Reiterates policymic: Harvard has taken steps in the past towards better supporting students, such as with the creation of the Office of Sexual Assault Prevention and Response, but many believe that without legislative changes this isn’t enough. The school’s sexual assault policy was adopted more than 20 years ago in 1993, and its language clearly is in need of an update. Students agree: Last fall, more than 3,000 undergraduates voted for Harvard to re-evaluate the policy, which defines rape as “any act of sexual intercourse that takes place against a person’s will or that is accompanied by physical coercion or the threat of bodily injury,” and that “unwillingness may be expressed verbally or physically.”
The campus organization Our Harvard Can Do Better, officially endorsed by the Undergraduate Council in December 2013, has demanded that the university implement a more expansive policy of “affirmative consent” that would redefine sexual assault “as occurring in the absence of enthusiastic verbally or physically expressed consent.”
Harvard is the only Ivy League school not to have adopted this policy.
above image found here
Culture of indifference, privilege, insensitivity or just not willing to dare to admit that such things take place at their elevated station? Time will tell if any of this makes any real difference to policy towards on campus sexual abuse, but that too might be a function of how well the school fares after being brought to account.
Naturally the open letter brought a variety of commentators to the fore, some of which I have reprinted here. Make of them as you will…
I dont care if this ruffles a few feathers but I am going to say it anyway. Your word is NOT good enough in rape cases. If you have been raped then you need to go to the police. Not Campus police..the real police. Every american regardless of gender is entitled to the right of due process but this quick rush to judgement based on an accusation is whats WRONG with this whole topic not whats right. NO ONE has ever said that a rapist should not be punished for their crime, regardless of gender, but our system requires the alleged victim to provide proof that a crime was committed. Just as every American is entitled to a proper legal defense.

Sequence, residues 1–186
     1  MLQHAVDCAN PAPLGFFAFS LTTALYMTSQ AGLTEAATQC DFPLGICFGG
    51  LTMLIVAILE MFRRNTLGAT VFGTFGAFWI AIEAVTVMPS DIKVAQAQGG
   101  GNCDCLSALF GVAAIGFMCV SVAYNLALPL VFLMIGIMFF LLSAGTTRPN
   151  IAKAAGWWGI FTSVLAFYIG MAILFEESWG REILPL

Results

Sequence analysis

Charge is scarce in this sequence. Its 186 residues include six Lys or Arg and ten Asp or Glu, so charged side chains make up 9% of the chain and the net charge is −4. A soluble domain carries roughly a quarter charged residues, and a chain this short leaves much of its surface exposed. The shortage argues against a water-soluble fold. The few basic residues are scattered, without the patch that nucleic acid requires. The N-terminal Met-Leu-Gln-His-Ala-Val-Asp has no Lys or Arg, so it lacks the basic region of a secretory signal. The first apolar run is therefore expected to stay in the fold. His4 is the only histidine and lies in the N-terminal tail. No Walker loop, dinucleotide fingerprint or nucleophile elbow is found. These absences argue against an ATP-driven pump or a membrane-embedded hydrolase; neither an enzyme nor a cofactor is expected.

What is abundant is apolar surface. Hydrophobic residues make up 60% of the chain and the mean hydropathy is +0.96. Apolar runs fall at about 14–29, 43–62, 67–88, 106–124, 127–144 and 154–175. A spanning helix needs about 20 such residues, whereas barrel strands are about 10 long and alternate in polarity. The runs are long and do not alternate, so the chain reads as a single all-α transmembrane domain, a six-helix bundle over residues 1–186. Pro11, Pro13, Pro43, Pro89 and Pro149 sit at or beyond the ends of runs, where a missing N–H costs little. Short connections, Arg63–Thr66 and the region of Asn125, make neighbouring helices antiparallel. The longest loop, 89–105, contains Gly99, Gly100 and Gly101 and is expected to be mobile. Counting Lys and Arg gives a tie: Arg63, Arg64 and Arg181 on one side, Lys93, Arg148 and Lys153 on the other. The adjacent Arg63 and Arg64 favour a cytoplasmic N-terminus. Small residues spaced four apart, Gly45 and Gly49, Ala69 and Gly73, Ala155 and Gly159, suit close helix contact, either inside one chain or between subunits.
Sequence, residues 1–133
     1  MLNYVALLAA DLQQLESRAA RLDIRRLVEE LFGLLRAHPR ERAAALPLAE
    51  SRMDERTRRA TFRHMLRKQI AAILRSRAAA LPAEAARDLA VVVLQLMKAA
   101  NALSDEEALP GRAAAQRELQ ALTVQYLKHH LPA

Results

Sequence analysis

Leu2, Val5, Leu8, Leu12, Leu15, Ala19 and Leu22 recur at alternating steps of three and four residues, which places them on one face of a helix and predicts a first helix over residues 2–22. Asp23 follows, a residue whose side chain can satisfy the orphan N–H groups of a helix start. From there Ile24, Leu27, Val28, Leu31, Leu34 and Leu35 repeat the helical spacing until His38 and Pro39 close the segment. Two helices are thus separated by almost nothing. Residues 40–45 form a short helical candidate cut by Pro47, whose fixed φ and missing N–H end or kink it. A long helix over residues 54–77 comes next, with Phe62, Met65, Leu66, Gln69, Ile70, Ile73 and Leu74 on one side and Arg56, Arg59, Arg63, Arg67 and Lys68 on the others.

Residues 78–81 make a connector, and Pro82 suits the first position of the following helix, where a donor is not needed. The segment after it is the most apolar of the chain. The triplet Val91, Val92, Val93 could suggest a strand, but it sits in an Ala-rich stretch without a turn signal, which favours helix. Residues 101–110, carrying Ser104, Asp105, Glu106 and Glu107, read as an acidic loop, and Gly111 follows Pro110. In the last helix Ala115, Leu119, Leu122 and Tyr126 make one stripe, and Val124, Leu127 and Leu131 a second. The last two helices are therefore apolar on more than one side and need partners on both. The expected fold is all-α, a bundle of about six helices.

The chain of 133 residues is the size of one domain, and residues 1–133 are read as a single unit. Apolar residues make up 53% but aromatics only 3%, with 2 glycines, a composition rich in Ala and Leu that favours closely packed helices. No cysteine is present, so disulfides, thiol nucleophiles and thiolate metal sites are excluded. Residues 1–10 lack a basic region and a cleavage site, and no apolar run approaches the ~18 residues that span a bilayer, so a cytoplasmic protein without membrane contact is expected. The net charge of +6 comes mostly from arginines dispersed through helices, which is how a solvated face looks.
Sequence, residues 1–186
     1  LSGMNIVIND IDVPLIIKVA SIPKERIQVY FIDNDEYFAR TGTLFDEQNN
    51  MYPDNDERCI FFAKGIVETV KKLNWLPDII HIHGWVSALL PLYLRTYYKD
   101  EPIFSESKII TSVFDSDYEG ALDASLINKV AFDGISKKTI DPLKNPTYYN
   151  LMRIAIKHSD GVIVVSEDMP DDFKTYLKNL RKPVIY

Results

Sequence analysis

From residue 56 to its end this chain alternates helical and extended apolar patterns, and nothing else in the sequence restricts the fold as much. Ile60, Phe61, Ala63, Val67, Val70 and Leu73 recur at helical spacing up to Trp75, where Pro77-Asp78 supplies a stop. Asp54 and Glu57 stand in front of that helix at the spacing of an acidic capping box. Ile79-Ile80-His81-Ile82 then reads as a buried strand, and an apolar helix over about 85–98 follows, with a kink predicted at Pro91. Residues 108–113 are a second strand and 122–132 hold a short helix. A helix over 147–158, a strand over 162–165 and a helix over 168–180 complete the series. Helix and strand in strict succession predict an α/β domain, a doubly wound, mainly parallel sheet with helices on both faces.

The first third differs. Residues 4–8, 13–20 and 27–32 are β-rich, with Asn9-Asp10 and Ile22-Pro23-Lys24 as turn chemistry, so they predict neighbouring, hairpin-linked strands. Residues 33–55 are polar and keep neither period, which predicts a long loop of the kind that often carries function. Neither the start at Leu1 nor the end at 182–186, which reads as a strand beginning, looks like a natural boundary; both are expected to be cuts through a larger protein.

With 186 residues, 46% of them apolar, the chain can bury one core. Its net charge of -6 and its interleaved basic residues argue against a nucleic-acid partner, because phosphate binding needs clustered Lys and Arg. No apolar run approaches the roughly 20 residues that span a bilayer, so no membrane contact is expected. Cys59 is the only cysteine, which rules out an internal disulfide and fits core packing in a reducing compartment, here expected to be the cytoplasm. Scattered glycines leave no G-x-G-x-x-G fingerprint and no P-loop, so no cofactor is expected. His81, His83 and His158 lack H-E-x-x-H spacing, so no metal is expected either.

We often hear stories of students demonstrating great strength by coming forward regarding their school’s unsatisfactory sexual assault policy and making a change, but I hope that this student’s story will shed light on the reality of the majority of victims’ situations.
Harvard has a depraved indifference to social responsibility especially if it conflicts with their image and interests. 60 minutes did a segment on Harvard’s famed MBA program that one professor said, almost with pride, that they don’t teach their students ethics, which is equivalent to Detroit making cars with no brakes, that it’s the responsibility of the parents, which of course avoids any social responsibility.
This is HARVARD. It’s a school for rich kids and those who are well connected. Even if this girl went to the “real” police, she would be raped once again by the justice system. All she wanted was for the S.O.B. to be TRANSFERRED to another dorm….and the officials couldn’t even do that.
I don’t know about Harvard specifically, but many universities have their own campus police and 911 calls get directed to them. Plus, college students live, eat, work and socialize inside the bubble that is their university; you can’t blame them for being even less inclined to venture out of that bubble when they are traumatized and in shock than they are on any other day.